Watch This Baby Hedgehog Rescue, and You’ll Change the Way You Toss Cans

A U.K.-based wildlife organization is asking home owners to clean up their yards to keep the little quilled mammals safe.
Jul 30, 2014·
Kristina Bravo is Assistant Editor at TakePart.

Simon Cowell—no, not the one you know from American Idol—didn’t exactly know what kind of animal needed rescuing when he arrived at the scene. The Wildlife Aid Foundation founder got a call from a concerned individual who heard rumbling from a distressed critter. When it turned out to be a hedgehog trapped in some rubbish, the rescuer wasn’t surprised.

“We’ve got so many problems with this sort of thing,” Cowell says in the above video as he finds the tiny animal stuck in a can. With a little bit of jiggling, he’s able to free the hedgehog. “He would’ve died in there.”

The United Kingdom’s entire hedgehog population is in trouble. Experts estimate that only about a million hedgehogs roam the country, down from 30 million in the 1950s. The causes aren’t clear, but agriculture—especially its use of pesticides, which lessen the number of insects and other pests that hedgehogs eat—and urban sprawl have put the mammals at risk.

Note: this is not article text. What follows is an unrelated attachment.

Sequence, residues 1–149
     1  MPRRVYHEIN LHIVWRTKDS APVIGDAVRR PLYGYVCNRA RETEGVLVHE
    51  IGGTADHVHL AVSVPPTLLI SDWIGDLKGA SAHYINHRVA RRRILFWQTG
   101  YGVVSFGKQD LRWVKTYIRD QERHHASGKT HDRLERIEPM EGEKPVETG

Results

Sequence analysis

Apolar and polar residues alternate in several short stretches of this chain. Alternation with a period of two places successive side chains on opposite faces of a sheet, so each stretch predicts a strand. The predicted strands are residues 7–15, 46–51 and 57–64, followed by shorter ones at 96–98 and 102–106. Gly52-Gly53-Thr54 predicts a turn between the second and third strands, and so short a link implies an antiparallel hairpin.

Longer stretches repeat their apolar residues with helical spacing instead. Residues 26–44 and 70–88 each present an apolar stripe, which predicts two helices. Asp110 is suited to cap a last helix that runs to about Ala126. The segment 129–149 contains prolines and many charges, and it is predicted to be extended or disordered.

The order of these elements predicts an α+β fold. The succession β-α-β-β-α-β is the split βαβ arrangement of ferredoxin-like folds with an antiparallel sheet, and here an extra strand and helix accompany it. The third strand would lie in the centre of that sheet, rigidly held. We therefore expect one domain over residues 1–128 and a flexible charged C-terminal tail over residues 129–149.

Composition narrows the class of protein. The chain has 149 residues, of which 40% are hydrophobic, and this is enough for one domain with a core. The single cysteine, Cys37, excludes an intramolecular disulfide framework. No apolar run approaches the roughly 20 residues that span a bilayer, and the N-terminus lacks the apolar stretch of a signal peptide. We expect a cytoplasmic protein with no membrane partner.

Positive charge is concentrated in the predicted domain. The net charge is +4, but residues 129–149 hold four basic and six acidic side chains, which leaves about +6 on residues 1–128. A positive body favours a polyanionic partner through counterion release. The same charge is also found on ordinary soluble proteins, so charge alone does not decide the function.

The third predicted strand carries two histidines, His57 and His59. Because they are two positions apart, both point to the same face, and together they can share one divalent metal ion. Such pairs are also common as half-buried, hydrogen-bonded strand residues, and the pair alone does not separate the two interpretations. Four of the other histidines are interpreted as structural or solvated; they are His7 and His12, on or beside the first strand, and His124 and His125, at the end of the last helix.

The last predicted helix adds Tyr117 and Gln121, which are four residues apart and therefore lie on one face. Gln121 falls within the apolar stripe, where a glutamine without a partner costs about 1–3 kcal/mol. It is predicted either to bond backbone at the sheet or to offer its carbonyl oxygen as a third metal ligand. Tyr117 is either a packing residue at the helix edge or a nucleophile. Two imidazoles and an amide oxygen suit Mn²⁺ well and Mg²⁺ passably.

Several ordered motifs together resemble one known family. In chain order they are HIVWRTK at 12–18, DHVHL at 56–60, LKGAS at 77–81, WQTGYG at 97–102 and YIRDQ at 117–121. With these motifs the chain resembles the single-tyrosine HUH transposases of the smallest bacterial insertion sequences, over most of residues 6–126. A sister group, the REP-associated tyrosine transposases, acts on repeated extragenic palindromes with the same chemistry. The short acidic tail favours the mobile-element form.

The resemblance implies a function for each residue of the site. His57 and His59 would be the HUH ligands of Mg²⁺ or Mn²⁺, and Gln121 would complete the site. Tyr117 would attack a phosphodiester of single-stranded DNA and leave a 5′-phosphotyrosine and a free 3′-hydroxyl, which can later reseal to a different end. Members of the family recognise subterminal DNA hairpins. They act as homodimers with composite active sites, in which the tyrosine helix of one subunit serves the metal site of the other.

Motorists kill tens of thousands of hedgehogs on the road each year. In residential areas, the animals find themselves stuck in cups so frequently that in 2006, McDonald’s was forced to make the opening of its McFlurry dessert containers smaller. Residue from the treat was attracting the hedgehogs, which were getting stuck and starving to death inside the cups.

“He’s really just at that age when he would be breaking away from his mum now and finding his own food,” explains Cowell about the animal in the video before crushing the can in which it was likely trapped all day. “Now it’s hedgehog-proof,” he says.

Watching clips of hedgehogs being rescued or even just watching them sneeze may inspire a collective aw on the Internet, but neither shouldn’t encourage people to keep the critters as pets—especially in places where hedgehogs don’t naturally belong.

“Hedgehogs in the United States were all bred in captivity [they were imported from Africa in the 1970s], and they cannot exist out in the elements,” Deborah Weaver, president of the Hedgehog Welfare Society, told ABC News. Keeping them as pets is illegal in many states, including California, Georgia, and Hawaii.

To get our cute-hedgehog fix, videos like this one will just have to do. “Thirty million down to a million,” says Cowell of the rescue. “At least we saved one of them.”